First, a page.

Germany was an overtime goal away from a huge upset (note: miracle is loosely translated as “wunder” in German). Instead the Olympic Athletes of Russia will take their clunky name to a redemptive gold medal after beating Germany 4-3 in overtime thanks to a power-play goal.

With memorable moments like Ilya Kovalchuk being shut down on a heart-stopping semi-breakaway chance in OT, two Russian forwards were especially deadly.

Kirill Kaprizov scored “the golden goal” on that power play after racking up three assists during regulation. His partner-in-crime was Nikita Gusev, who generated two goals and two assists of his own.

Kovalchuk finally got a taste of Olympic glory, while Pavel Datsyuk joins the “Triple Gold Club.”

(Photo by Ronald Martinez/Getty Images)

Quite a tournament for Kaprizov, Gusev, and a certain Nashville Predators prospect named Eeli Tolvanen (more on him here).

Players of the Night

  • No Auston Matthews? The Maple Leafs wouldn’t respond “No problem,” but they might note that it gives other players a chance to step up. Lately, Mitch Marner has been on an absolute tear. He played a huge role in Toronto’s 4-3 win against Boston on Saturday, getting involved in all four goals (one goal, three assists).

This burst pushes Marner past Matthews for the team lead in scoring with 51 points. The splendid scorer has 14 points during an eight-game tear.

  • The Washington Capitals took care of business against the Sabres on Saturday, and Evgeny Kuznetsov led the charge with one goal and three assists of his own. He had been quiet before this outburst, only managing a goal in his previous five games. Kuznetsov has 59 points in 62 games this season.

So much goalie interference review fun

The Maple Leafs beat the Bruins after a goalie interference review went their way, which you can read more about here. The Oilers ended up holding off a mad Kings rally because of another really weird one. Ah, the NHL must love all the attention these nightmares are generating.

Highlight of the Night

A patently ridiculous save by Andrei Vasilevskiy:

Factoids

Taylor Hall cannot be stopped, and this time it even translated to a win for the Devils against the Islanders:

The team success hasn’t been there as much lately for Henrik Zetterberg, but he’s climbing some lofty heights from an individual standpoint:

Patrik Laine turns 20 on April 19, by the way.

Scores

Flyers 5, Senators 3
Flames 5, Avalanche 1
Jets 5, Stars 3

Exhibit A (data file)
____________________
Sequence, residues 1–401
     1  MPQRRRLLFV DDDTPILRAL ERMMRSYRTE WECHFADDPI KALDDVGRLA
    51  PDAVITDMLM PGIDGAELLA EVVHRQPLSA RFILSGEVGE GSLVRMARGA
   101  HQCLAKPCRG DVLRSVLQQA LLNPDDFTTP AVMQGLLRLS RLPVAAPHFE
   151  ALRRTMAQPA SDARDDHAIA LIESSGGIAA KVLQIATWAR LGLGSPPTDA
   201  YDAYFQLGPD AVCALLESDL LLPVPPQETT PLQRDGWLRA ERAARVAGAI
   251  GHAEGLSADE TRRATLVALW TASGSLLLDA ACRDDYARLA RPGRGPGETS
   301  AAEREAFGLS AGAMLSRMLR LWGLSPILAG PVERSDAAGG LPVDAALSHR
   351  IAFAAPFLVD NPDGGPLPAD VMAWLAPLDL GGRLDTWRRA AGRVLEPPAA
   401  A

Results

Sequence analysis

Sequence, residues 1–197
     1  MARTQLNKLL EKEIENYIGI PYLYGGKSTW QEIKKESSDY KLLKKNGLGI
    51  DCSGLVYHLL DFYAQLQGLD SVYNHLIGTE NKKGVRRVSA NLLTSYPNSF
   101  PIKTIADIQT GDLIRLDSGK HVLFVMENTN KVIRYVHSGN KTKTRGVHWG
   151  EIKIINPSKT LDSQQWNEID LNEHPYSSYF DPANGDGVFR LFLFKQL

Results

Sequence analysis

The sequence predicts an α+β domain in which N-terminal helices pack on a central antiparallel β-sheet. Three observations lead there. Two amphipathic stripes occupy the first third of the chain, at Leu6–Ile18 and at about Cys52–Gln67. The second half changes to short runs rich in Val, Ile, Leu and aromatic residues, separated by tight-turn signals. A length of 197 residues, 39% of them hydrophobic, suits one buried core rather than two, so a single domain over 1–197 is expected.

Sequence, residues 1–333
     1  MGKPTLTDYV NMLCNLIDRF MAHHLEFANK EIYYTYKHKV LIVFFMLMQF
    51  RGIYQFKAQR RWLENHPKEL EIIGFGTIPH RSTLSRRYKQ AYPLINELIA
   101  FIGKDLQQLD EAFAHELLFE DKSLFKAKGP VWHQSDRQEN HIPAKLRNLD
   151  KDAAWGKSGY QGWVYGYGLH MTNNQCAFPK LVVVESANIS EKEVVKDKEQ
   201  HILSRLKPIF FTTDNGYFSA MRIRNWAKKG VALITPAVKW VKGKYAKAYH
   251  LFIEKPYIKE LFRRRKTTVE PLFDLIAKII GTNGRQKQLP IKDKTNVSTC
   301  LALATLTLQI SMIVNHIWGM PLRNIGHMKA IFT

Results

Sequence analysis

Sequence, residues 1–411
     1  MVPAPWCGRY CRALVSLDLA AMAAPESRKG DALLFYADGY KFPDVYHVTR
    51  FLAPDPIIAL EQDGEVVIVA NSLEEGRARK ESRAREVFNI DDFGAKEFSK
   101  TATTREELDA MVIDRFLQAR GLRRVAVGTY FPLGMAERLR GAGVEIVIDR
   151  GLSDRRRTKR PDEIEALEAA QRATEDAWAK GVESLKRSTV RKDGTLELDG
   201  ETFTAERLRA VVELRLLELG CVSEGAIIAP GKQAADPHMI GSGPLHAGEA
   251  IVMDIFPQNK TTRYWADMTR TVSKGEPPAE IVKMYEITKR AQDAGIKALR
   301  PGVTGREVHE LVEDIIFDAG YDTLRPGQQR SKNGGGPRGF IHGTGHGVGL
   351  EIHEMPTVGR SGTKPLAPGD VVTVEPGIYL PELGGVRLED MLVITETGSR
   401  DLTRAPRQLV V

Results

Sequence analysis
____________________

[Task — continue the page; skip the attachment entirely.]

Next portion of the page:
Maple Leafs 4, Bruins 3
Lightning 4, Canadiens 3 (SO)
Red Wings 3, Hurricanes 1
Panthers 6, Penguins 5
Capitals 5, Sabres 1
Blue Jackets 3, Blackhawks 2
Devils 2, Islanders 1
Coyotes 2, Ducks 0
Oilers 4, Kings 3

James O’Brien is a writer for Pro Hockey Talk on NBC Sports. Drop him a line at phtblog@nbcsports.com or follow him on Twitter @cyclelikesedins.

Bruins go from Nash trade rumors to loss, Bergeron injury

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Be sure to visit NBCOlympics.com and NBC Olympic Talk for full hockey coverage from PyeongChang.

There are times when the Boston Bruins have looked downright unstoppable. Saturday serves as a harsh reminder that things can change in a heartbeat, or at least that the threat is basically always hovering.

Consider this: earlier today, Sportsnet’s Elliotte Friedman reported that the Bruins were becoming frontrunners to trade for Rick Nash. Such a deal is still plausible, although John Shannon (also of Sportsnet) reports that Nash’s $7.8 million cap hit could cause some challenges, even this late in the season.

Either way, the Bruins’ outlook seemed shiny: they’re already a tough team to deal with thanks to an absolutely bear (sorry) of a top line in Brad Marchand, Patrice Bergeron, and David Pastrnak. The B’s have been so impressive, they even seem to be a threat to win the Atlantic.

Things went sour in multiple categories hours later.

The Bruins lost to their hated rivals the Toronto Maple Leafs by a score of 4-3. That game ended in regulation, and the decisive goal brought about everyone’s favorite hockey thing: a goalie interference review. This didn’t go in Boston’s favor, and while some shrugged their shoulders, Tuukka Rask wasn’t thrilled:

With that, the Atlantic Division thing seems far less promising. To start, the Lightning managed a 4-3 shootout win. Even worse, the Maple Leafs took second place in the Atlantic by beating Boston.

If that wasn’t enough, the most integral part of the Bruins’ dominance is in danger. Reporters including NBC Sports Boston’s Joe Haggerty noted that Patrice Bergeron was seen in a walking boot:

On the bright side, all three situations could still turn out nicely for the Bruins.

  • The Bruins might actually be more justified in going after Nash if Bergeron’s a little banged up. Granted, a more severe injury might leave them more conservative at the deadline.
  • Games in hand make optimism easier to come by in the Atlantic positioning races. The Lightning have 87 points in 62 games played while the Maple Leafs are at 83 in 64. The Bruins are at 82, yet with only 59 games played, there’s plenty of time for the B’s to either regain home-ice advantage over Toronto or even push for the top spot in the division.
  • As you can see from Haggerty’s tweet, Bergeron’s issue might not be too bad, either.